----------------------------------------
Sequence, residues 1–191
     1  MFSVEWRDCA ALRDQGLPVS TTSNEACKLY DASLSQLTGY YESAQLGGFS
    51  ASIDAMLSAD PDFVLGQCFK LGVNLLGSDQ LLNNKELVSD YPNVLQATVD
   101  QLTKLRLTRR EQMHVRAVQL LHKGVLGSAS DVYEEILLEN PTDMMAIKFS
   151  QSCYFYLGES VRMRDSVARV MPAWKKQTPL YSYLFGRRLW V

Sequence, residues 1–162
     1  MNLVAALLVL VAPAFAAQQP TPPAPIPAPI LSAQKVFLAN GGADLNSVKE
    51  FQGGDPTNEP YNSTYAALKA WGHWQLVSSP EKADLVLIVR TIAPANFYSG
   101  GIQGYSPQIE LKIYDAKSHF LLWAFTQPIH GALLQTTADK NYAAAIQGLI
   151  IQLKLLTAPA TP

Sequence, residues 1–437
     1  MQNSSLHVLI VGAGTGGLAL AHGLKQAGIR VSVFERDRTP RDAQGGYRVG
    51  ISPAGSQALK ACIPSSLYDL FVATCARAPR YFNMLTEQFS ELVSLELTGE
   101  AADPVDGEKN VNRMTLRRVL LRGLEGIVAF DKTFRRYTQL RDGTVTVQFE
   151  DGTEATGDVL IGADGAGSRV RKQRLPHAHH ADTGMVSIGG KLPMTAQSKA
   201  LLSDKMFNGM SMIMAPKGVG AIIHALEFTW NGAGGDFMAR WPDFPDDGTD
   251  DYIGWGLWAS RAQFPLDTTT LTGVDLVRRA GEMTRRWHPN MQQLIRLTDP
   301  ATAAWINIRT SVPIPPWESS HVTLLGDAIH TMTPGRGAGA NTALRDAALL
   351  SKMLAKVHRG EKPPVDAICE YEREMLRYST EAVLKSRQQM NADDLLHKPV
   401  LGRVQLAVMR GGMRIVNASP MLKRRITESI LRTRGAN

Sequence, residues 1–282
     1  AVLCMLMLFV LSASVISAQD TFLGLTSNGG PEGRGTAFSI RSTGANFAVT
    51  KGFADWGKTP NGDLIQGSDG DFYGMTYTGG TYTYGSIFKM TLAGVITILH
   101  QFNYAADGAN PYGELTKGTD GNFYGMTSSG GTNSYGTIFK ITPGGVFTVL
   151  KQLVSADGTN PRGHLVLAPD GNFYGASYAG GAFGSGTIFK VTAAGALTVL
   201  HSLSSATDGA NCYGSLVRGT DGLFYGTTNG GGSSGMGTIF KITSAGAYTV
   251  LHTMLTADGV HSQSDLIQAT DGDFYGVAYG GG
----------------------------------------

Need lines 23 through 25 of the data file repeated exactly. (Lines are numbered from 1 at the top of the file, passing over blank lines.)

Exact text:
    51  KGFADWGKTP NGDLIQGSDG DFYGMTYTGG TYTYGSIFKM TLAGVITILH
   101  QFNYAADGAN PYGELTKGTD GNFYGMTSSG GTNSYGTIFK ITPGGVFTVL
   151  KQLVSADGTN PRGHLVLAPD GNFYGASYAG GAFGSGTIFK VTAAGALTVL